Eye For Film >> Movies >> Mildred Pierce (1945) Film Review
Reviewed by: Chris
If you like black and white classics, they don’t get much better than this. Forties film noir scales the heights in Mildred Pierce, replete with crashing waves, tears glistening in the moonlight, sumptuous spiral staircases and long dark shadows.
A man is murdered with several shots at close range. The last word to pass his lips is “Mildred.” A car drives away through the windswept night. The identity of the attacker is still unconfirmed.
This is a world where women wear furs and men can talk themselves out of almost anything. Joan Crawford, having taken a dive in her career, soared back with this film to win an Oscar. Her character perfectly blends the strong woman breaking away from dishes, drudgery and childbearing with a woman full of unfulfilled passion and compassion. Her marriages turn sour. She drags herself up by the bootstraps. Only to squander money and devotion on a spoilt brat of a child.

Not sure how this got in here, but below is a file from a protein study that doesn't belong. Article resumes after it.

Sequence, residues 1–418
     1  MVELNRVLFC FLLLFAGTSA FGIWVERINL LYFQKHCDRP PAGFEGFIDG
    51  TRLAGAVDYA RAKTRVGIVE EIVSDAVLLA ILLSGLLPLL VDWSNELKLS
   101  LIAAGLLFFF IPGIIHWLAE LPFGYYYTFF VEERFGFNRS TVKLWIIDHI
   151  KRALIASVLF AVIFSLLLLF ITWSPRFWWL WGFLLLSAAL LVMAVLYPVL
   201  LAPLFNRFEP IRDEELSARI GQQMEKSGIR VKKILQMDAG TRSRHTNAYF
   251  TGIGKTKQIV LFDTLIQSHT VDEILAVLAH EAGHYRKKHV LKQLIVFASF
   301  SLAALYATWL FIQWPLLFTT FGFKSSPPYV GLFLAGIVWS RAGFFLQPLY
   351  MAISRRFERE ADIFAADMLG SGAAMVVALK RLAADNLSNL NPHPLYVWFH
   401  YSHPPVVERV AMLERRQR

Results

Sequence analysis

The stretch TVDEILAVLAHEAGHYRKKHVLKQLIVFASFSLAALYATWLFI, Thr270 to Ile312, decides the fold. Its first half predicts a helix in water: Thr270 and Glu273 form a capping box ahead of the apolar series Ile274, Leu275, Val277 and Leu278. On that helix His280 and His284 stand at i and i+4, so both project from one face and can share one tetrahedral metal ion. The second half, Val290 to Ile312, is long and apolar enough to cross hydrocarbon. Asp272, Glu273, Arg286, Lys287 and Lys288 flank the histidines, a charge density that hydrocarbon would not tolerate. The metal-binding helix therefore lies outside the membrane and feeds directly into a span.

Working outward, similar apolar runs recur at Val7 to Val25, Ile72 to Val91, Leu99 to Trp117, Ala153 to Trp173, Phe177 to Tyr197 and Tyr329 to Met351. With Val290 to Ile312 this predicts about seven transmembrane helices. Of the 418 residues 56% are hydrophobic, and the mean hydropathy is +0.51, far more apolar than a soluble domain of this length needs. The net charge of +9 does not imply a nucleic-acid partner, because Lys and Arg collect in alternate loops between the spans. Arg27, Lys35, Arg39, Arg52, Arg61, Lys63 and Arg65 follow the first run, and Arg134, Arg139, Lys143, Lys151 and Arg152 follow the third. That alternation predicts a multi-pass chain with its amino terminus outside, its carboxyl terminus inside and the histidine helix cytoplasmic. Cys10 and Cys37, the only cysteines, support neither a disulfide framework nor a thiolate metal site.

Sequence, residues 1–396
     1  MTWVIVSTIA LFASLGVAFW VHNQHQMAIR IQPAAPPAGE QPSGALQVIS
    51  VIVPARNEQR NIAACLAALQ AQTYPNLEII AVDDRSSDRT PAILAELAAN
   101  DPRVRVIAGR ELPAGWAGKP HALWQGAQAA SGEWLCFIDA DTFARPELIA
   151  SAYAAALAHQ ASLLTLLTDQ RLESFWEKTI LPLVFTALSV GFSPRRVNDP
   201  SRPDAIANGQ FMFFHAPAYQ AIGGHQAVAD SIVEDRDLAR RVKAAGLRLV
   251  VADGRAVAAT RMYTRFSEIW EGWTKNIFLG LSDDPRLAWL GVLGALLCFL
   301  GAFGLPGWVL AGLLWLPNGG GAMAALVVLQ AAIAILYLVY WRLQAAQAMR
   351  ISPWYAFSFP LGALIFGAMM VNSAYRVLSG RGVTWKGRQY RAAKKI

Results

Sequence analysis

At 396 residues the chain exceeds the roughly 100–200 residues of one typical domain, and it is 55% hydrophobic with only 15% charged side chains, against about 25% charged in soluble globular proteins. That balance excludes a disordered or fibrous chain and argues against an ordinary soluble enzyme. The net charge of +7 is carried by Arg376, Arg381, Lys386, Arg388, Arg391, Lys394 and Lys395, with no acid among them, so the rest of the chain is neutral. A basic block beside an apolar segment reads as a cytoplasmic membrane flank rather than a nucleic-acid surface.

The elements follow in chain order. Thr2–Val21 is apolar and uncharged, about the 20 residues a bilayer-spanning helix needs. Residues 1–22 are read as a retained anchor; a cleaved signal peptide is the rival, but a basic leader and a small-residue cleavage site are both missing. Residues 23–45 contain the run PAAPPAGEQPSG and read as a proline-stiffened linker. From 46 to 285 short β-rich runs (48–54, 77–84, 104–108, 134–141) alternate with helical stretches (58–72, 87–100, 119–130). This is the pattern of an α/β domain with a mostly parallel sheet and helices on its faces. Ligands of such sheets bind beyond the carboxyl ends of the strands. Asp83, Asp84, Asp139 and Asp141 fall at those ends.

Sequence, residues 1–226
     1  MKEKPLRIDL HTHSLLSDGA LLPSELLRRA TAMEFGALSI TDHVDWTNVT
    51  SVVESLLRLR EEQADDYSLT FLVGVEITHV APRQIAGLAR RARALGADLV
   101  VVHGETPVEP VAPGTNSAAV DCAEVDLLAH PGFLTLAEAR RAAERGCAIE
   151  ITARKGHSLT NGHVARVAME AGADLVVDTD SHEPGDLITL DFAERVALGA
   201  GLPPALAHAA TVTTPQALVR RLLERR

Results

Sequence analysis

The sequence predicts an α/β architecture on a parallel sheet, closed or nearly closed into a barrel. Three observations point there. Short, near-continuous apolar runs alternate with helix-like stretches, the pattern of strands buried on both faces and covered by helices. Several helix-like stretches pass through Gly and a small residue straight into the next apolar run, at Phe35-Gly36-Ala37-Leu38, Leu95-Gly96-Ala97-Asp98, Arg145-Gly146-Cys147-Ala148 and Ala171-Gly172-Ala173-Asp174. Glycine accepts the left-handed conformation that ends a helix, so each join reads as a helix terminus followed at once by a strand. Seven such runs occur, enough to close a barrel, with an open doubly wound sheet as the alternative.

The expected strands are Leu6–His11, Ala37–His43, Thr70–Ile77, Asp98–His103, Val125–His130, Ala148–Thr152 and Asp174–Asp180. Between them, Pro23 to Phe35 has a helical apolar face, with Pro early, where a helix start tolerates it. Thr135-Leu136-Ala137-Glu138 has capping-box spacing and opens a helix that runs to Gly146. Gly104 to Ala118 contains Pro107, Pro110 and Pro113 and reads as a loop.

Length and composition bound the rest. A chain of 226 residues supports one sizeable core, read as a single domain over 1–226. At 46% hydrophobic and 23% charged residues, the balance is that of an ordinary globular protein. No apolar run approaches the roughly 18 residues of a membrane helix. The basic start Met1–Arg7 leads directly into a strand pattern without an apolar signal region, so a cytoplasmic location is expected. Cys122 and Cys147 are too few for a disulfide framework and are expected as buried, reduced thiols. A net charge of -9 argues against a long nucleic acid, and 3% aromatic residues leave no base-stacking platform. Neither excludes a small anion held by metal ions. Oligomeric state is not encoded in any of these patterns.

Oscar-winning director Michael (Casablanca) Curtiz brings together stellar performances, the cinematography of Oscar winning Ernest (Gone With The Wind) Haller, sets by multiple Ocsar winning George James Hopkins (Who's Afraid Of Virginia Woolf?), a sharp script full of camp, and an emotional punch that knocks us over at the end.
The story is told in flashback from the police station. An unfortunate number of all too-willing suspects keep us on edge as we desperately hope Mildred gets off.
Crawford accepted her Oscar from her bedroom. Generations of fans will continue to enjoy her efforts in this overly theatrical but eternally delightful tale of mystery and romance.Reviewed on: 06 Jan 2008